6. 6. Movement in the Courtroom • Behold our common language of movement. • We say we are either “moved” or “not moved” by things. • Our hearts go out to others, or they break, our chins drop, we rise to the occasion, and swell with pride, we shrink in fear, or firmly stand our ground.
  7. 7. Movement in the Courtroom • We feel others out, put our heads together and touch upon the problem, sidestepping the real issue until we are able to draw conclusions and then are finally rest assured.
  8. 8. Movement in the Courtroom • Movement is at the center of these statements so it is essential to pay attention to movement: the movements we make, the ones made around us, and the ones happening within us.
  9. 9. Movement in the Courtroom • Actors never “wander” around the stage. Every move is done with purposeful intention to emphasize, draw attention to, or offer “subtext” to the script or content. • When an actor moves from place to place on stage, it’s called a cross. Crosses are precise, clear movements from one place to another. Each movement should be done with purpose, at a specific point in your presentation.
  10. 10. Movement in the Courtroom • Wandering, pacing or even unconscious weight shifting is distracting and takes your attention away from where it should be: the jury. It weakens the impact of your speech. • By moving to a specific point in the courtroom, you can punctuate a point. • Tip: If you want to make a strong point, taking three steps forward will alert the jury you are about to say something important.
  11. 11. Movement in the Courtroom Think Like a Director • Just as a director looks at the stage to see the areas of strongest impact for the audience and sets the stage for the scene, so should you. • As a public speaker, you should always think about the courtroom from the juror’s point of view, keeping it balanced and visually interesting.
  12. 12. Movement in the Courtroom • Look at general areas of the courtroom as points to reach your jury (all of your jury) on as many levels as you can. For example, you may move closer to the jury box to get closer to one or two of them, or keep your distance in order to take in all of them.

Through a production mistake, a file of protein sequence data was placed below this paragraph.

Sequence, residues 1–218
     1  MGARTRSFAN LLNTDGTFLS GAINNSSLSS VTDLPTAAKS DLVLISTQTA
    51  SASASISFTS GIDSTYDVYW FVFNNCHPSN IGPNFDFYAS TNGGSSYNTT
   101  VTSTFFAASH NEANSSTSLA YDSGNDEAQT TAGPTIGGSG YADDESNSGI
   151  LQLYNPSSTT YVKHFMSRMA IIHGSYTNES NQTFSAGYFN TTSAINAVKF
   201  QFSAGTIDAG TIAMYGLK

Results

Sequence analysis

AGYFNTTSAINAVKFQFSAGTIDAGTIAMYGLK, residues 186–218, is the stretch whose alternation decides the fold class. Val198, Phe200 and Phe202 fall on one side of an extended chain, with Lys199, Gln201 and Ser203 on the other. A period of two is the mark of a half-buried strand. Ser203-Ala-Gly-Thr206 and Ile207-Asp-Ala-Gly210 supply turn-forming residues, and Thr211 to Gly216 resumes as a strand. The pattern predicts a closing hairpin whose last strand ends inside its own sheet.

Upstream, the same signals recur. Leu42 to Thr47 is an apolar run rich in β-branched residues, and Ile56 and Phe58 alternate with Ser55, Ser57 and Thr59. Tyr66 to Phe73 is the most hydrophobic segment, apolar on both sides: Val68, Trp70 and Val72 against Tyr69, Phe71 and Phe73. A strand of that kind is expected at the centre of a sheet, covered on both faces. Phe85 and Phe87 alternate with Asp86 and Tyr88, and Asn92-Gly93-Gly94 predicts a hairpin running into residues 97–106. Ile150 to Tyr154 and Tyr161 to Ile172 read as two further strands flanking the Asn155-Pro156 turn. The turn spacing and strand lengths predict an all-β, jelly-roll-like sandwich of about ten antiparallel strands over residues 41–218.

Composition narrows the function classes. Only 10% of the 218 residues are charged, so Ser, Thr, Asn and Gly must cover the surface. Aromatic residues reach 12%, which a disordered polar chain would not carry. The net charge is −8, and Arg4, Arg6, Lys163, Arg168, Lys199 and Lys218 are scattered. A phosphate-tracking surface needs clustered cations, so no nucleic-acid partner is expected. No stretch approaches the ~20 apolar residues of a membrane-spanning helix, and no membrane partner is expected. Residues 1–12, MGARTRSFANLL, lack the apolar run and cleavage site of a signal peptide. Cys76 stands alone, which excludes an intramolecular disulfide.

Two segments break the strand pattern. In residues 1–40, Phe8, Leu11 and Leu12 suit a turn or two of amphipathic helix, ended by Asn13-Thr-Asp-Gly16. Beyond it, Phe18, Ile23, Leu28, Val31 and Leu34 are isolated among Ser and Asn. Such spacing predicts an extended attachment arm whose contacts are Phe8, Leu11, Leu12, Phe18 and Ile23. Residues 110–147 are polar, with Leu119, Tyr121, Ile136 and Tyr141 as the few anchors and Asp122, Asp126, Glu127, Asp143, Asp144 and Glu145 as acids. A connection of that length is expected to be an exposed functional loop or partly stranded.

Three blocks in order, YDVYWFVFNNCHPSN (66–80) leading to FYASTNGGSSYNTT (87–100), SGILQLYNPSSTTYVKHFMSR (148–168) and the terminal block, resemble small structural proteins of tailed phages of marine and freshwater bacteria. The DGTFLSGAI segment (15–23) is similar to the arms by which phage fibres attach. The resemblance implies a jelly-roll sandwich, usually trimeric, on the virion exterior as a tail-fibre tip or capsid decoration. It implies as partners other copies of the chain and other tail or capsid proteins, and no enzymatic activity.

13. 13. Movement in the Courtroom • Look carefully at the placement of furniture (lecterns, tables, projection screens) in relation to YOU and where you are in the jury’s view. • Make sure you are not “upstaged” by an unnecessary piece of large furniture, which unconsciously draws the jury’s attention away from you.
  14. 14. Movement in the Courtroom • The following theatrical techniques will help you stage your opening and closing in a way that uses movement to enhance content.
  15. 15. Movement in the Courtroom Upstage and Downstage • Directors block the movements of actors to emphasize dramatic meaning and to maintain clear sightlines.
  16. 16. Movement in the Courtroom • The downstage area, closest to the audience, is a strong position and is the best place to present the most important content of your speech. However, you don’t want to live there. • Upstage, away from the audience, is less powerful but can be used effectively for reflective pauses. • Moving from upstage to downstage in order to make an important point is highly effective.
  17. 17. Movement in the Courtroom
  18. 18. Movement in the Courtroom Stage Right and Stage Left • In American and British theater, Stage Right and Stage Left refer to the actor’s – or speaker’s – point of view.
  19. 19. Movement in the Courtroom • The position Downstage Right is perceived by western audiences as having intimacy and importance (probably because we read from left to right).
  20. 20. Movement in the Courtroom • In theater, love scenes, monologues and narration are usually performed Down Right. • Good public speakers use this position for their most important content, or for stories that have a strong emotional effect.
  21. 21. Movement in the Courtroom • Downstage Left traditionally has a conspiratorial feel to it, a place for plots and discussions in the theater. • Humor in a speech is often very effective when delivered from this position.
  22. 22. Movement in the Courtroom Tips • Follow your instincts. Be led by those jurors who seem to beckon for your attention. You’ll see it; you’ll feel it. • But NEVER leave anyone out.